By Josh Seaburg
Virginia spirits are experiencing a renaissance. Distilleries seem to spring up regularly, often to produce whiskey. But what are whiskey makers to do while waiting for their products to age? Usually the answer is to produce gin. We selected three Virginia-made gins of varying styles and compared them in classic cocktails: a Tom Collins, a martini, and a proper gin and tonic. Here are our findings.
(A. Smith Bowman Distillery, Fredericksburg)
A. Smith Bowman is a little distillery with big backing. As a member of the Sazerac Co., it maintains a commitment to producing quality whiskey. The Sunset Hills small-batch gin is lesser known but no less notable. The cleanest of the gins tasted, it was deemed by our panel to be classically styled both straight and under the scrutiny of cocktails. It was a universal favorite in an ungarnished Tom Collins; the citrus and sugar brought out the gin’s juniper notes, which were not as readily apparent neat. It fared equally well in a 2-to-1-ratio martini with a lemon twist. But it shone most brightly in a gin and tonic, although a slight flavor imbalance left a strong quinine bitterness on the finish. All the same, the beverage was refreshing and quaffable. “Beach day” was used liberally among imbibers.
(Catoctin Creek Distilling, Purcellville)
Certainly the most identifiable of the gins tasted, the Watershed’s rye base stands out considerably. The presence of grain on the nose and on the tongue gives way to a waxy finish that exposes the intense concentration of botanicals in the gin. Becky Harris, chief distiller and a chemical engineer, created the gin, which embodies a unique vision seen through to its fullest potential. In a Tom Collins, the funky rye flavor was still present but was tempered by the taste of overripe tropical fruit. One panelist described the drink as “extremely round on the finish.” The martini was the group favorite; the acidity of the vermouth transformed the full flavor of the gin, which was complemented by the citrus essence from a lemon twist. Against prediction, Watershed did not fare well in the gin and tonic, as some reaction between the spirit and the tonic water created an acrid result.
Fourth Handle Coastal American Gin
(Tarnished Truth Distilling, Virginia Beach)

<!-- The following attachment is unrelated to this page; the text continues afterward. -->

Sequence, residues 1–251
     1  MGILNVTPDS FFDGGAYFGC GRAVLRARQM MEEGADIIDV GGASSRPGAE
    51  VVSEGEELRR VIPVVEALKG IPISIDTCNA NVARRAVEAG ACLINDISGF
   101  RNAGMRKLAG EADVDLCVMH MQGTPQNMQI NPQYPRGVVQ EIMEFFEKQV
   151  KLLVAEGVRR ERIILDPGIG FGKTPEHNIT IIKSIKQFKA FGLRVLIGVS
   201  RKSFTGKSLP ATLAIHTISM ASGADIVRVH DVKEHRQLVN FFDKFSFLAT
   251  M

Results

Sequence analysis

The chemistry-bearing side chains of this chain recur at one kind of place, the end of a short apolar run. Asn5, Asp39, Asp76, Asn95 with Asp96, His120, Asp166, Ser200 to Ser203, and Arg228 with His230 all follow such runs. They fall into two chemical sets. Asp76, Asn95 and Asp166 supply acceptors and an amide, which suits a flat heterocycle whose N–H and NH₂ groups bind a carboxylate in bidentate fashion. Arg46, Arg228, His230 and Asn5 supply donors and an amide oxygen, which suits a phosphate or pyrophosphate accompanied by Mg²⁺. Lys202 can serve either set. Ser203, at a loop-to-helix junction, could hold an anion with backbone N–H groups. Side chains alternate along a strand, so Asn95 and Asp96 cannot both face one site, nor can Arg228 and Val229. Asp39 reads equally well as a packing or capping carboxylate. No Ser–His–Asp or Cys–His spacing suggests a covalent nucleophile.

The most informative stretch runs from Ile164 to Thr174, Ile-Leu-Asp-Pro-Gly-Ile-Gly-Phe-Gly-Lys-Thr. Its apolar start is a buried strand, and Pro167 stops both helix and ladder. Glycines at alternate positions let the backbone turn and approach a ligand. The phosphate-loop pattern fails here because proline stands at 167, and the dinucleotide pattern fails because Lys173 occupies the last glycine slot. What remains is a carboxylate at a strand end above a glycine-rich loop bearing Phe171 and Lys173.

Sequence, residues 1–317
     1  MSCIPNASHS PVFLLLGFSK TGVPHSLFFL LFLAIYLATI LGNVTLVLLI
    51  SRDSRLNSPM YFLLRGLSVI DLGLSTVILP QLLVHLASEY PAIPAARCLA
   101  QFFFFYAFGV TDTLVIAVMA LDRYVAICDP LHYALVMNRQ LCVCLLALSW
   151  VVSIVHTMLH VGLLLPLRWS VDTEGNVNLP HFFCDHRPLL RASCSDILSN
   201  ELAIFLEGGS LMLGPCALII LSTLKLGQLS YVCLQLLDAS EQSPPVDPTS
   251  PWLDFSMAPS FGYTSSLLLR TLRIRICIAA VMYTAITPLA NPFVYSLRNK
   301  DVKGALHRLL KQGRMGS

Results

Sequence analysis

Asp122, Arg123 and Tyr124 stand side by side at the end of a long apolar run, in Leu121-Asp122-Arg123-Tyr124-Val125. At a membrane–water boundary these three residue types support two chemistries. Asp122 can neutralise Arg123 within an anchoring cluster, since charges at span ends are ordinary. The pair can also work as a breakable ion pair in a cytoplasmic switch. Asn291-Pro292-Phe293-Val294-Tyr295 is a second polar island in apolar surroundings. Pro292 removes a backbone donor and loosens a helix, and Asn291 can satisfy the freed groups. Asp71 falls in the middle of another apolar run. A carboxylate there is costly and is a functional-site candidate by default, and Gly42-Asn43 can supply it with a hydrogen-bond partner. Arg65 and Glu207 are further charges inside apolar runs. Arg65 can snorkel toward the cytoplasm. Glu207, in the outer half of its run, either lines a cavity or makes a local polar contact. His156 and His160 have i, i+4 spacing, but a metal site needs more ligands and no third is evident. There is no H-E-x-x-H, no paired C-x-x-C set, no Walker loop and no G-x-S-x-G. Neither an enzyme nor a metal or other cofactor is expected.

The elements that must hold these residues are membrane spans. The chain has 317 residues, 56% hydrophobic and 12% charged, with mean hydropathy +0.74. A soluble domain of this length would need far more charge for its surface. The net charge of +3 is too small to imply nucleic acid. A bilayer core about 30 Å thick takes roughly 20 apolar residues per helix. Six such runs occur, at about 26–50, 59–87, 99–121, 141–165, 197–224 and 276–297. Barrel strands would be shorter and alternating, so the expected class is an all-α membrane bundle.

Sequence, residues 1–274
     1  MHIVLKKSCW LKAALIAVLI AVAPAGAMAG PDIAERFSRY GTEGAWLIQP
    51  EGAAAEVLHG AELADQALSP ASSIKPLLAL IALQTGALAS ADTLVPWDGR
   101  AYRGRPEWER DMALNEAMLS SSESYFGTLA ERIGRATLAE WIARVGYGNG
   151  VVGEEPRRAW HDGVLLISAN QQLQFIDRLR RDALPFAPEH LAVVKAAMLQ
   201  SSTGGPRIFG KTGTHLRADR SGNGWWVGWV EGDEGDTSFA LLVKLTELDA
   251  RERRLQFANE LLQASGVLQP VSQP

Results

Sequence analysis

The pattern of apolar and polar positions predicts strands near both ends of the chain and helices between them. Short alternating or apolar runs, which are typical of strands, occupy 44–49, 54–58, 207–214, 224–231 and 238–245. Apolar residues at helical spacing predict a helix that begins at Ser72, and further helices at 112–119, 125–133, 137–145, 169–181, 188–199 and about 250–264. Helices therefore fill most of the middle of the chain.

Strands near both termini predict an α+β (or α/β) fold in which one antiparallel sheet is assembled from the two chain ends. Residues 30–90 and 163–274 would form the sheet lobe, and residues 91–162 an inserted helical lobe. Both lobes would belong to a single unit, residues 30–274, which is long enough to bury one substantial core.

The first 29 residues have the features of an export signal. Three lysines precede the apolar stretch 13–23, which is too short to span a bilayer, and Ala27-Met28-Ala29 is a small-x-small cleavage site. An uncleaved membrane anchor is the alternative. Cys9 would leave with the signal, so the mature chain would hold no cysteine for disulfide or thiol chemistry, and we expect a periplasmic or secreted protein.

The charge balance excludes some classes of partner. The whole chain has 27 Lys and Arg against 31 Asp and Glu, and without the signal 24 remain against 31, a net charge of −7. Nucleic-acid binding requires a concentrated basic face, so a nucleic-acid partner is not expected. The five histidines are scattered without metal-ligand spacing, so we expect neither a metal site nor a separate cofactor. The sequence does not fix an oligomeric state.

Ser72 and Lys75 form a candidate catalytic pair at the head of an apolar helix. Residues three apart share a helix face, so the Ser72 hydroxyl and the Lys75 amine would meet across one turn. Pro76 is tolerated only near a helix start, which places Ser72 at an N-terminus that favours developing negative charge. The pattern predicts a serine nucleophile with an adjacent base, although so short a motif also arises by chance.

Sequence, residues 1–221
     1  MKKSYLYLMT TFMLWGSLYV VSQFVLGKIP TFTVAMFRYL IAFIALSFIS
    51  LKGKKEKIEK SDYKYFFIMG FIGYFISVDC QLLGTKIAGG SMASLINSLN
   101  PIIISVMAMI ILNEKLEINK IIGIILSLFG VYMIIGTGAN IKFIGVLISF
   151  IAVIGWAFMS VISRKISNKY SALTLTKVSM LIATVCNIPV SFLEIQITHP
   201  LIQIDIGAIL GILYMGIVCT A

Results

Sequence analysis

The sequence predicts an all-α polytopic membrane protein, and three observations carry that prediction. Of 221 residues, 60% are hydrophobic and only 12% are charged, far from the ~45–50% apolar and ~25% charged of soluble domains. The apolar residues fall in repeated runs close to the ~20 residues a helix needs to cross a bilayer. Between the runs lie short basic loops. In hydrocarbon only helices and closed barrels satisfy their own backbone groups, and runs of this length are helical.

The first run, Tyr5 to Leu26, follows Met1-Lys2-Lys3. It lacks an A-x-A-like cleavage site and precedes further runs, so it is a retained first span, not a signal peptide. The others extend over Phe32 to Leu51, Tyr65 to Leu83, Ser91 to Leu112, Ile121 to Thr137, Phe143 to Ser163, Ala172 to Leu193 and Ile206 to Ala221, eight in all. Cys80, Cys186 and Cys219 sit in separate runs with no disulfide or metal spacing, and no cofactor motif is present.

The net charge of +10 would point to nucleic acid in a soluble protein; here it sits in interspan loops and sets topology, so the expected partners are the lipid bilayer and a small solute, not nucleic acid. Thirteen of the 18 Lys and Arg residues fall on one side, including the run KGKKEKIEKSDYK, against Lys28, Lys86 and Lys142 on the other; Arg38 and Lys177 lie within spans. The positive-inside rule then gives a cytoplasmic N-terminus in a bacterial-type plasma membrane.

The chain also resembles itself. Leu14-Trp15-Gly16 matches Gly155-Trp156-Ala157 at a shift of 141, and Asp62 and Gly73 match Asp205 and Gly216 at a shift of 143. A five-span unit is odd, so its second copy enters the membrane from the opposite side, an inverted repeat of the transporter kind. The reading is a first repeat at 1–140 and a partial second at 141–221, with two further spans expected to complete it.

Fourth Handle was the newest spirit in the lineup. The brainchild of distiller Justin Boyle, it was created to be a preeminent mixing gin. Among all the cocktails, the pink peppercorn included in the botanical bill was present throughout, lending a sense of floral and spice. It was underwhelming in a Tom Collins until the addition of an orange twist, which opened up the aroma into a bounty of citrus and fruit notes. The martini, if a little astringent, was well balanced. It’s possible a lighter vermouth, such as Dolin or Carpano Bianco, would allow more of the gin’s botanicals to shine through. The gin and tonic, while not as refreshing as Bowman’s Sunset Hills, felt more like a proper cocktail. The tonic bitterness played exceedingly well with the omnipresent pink peppercorn flavors and was met with just enough juniper backbone to establish a contemplative drink. This was a gin and tonic for an evening spent with a book rather than a day at the beach.
And now for a little something extra …
Fresh Hop Gin & Tonic
(Devils Backbone Distilling, Roseland)
Virginia’s first ready-to-drink gin and tonic is a revelation. Distilled and produced at Devils Backbone, the Fresh Hop Gin & Tonic is an 8 percent alcohol by volume delight. It comes in 12-ounce cans, with instructions to pour it over ice. Though good on the rocks with a slice of citrus, it’s equally delicious direct from a very cold can. It would fit perfectly among craft IPAs and a smattering of adjunct lagers in a cookout cooler.
Josh Seaburg has established several award-winning bar programs and a series of innovative pop-ups, highlighting elaborate cocktails and food from local chefs.